Procurement irregularities in 2020 hit more than GHC846 million

The report observed that the irregularities occurred because the management of the institutions did not follow the required processes. The 2020 Auditor General’s report has found that the country lost about GHC846,134,269 due to procurement irregularities.

According to the report, these irregularities occurred as a result of managements’ non-compliance with the provisions of the Public Procurement Act 2003, (Act 663).

“Out of the total irregularities, US$39,000,000.00 (GHC224,647,800) represented award of contract without following due processes by Management of Bulk Oil Storage and Transportation Company Limited (BOST),” the report stated.

The Auditor-General has therefore recommended to the management of the various public institutions should undertake procurement transactions strictly in accordance with the provisions of the Public Procurement Act as amended.

Tax irregularities

According to the auditor-general’s 2020 report, tax irregularities amounted to GHC29,201,677.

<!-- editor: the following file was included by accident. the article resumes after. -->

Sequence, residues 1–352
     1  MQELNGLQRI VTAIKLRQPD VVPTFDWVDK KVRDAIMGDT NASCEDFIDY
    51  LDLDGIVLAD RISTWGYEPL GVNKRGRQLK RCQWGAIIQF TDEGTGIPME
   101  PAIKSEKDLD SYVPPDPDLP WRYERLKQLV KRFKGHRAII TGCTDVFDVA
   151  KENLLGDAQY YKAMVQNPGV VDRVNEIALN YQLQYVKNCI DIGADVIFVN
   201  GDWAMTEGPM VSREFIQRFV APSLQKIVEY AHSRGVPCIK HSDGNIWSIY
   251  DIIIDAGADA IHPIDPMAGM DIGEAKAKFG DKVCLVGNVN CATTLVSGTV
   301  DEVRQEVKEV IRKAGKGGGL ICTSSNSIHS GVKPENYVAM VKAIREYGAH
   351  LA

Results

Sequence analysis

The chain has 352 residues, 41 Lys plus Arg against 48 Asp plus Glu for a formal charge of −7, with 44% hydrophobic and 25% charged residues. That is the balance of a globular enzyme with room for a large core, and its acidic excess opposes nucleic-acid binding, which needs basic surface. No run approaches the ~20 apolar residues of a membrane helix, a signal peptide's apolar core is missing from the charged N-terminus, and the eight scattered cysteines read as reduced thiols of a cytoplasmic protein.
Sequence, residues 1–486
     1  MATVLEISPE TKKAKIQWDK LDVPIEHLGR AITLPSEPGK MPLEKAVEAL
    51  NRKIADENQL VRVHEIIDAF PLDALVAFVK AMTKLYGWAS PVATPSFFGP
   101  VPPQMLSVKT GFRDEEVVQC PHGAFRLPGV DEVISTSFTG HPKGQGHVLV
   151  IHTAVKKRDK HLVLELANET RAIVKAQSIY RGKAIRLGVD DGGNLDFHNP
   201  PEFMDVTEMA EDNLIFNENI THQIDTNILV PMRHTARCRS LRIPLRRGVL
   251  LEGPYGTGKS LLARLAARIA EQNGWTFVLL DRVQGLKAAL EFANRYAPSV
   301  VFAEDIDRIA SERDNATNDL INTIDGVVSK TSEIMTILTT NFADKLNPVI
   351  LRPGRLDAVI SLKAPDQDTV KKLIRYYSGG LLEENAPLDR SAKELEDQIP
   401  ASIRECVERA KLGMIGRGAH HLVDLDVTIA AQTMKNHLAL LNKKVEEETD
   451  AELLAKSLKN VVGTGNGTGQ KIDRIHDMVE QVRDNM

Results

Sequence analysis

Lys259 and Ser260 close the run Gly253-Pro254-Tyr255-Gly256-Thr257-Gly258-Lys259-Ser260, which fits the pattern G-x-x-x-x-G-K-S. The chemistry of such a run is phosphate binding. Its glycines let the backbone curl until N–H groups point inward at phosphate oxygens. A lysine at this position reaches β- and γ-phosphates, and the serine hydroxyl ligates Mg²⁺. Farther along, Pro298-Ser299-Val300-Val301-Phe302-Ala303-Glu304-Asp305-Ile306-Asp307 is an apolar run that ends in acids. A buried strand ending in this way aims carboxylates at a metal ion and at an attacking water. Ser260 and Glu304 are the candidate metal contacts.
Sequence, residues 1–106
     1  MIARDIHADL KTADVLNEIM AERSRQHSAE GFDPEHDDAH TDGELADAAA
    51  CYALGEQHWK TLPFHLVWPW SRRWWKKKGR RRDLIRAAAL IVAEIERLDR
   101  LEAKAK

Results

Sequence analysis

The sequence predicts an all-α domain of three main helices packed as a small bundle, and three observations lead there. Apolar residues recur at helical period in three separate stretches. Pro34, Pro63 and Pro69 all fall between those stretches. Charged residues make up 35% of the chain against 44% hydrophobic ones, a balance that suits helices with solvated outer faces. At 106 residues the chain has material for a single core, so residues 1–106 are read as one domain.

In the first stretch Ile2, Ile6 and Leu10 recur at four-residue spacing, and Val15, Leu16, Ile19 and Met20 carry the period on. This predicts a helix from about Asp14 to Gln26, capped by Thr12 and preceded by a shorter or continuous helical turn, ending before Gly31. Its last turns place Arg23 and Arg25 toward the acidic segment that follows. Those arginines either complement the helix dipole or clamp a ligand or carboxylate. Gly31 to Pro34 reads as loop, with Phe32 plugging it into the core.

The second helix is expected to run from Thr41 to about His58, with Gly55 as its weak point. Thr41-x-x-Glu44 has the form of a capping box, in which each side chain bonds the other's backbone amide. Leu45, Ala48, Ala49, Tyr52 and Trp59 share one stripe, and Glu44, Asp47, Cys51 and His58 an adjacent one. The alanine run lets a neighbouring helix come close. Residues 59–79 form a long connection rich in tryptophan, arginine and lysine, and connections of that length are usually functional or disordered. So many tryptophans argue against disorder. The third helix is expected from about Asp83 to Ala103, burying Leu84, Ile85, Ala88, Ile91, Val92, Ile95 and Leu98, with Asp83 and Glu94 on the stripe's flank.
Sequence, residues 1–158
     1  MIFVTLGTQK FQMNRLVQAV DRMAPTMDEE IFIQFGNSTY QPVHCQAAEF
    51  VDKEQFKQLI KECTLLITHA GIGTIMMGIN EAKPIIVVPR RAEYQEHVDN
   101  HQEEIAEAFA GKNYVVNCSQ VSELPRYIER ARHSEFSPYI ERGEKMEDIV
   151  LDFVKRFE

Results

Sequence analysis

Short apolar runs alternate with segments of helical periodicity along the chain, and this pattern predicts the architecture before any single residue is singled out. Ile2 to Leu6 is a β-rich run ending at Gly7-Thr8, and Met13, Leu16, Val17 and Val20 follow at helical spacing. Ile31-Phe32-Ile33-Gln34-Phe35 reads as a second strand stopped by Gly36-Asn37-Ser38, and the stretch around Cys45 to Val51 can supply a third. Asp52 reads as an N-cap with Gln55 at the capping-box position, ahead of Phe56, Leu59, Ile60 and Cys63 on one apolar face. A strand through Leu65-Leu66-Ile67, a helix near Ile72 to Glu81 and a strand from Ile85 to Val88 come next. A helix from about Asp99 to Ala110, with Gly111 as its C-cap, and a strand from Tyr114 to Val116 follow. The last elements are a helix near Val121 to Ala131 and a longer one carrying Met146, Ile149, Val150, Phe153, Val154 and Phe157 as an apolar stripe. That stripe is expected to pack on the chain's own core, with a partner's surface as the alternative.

The report said the tax irregularities related to failure to pay statutory tax deductions on due dates and non-deduction of applicable taxes. They are also related to transacting business with non-VAT registered persons or entities.

Out of the total tax irregularities of GHC29,201,677, an amount of GHC12,449,542 is attributed to Architectural and Engineering Services Limited (AESL) for unremitted P.A.Y.E and VAT deducted.

Contract Irregularities

The report also said an amount of GHC89,807,321 19 was lost to contract irregularity last year. These mainly relate to delay in construction projects in the various public boards, corporation and other statutory institutions.

“I, therefore, urged managements to strengthen controls over contracts and ensure that funds are available in order to engender speedy completion of earmarked projects. The financial statements submitted for validation presented financial information in accordance with applicable statutory provisions, and my office was satisfied in all material respect that the financial statements complied with stated accounting policies of the government and is in accordance with generally accepted accounting standards and essentially consistent with that of the preceding year.

“In my opinion, all the financial statements presented a true and fair view of the financial positions as of 31 December 2020, and financial performance of the organisations for the period ended 31 December 2020 except the Institute of Local Government Studies and General Legal Council who had a qualified opinion expressed on their financial statements,” the report added.

 

 

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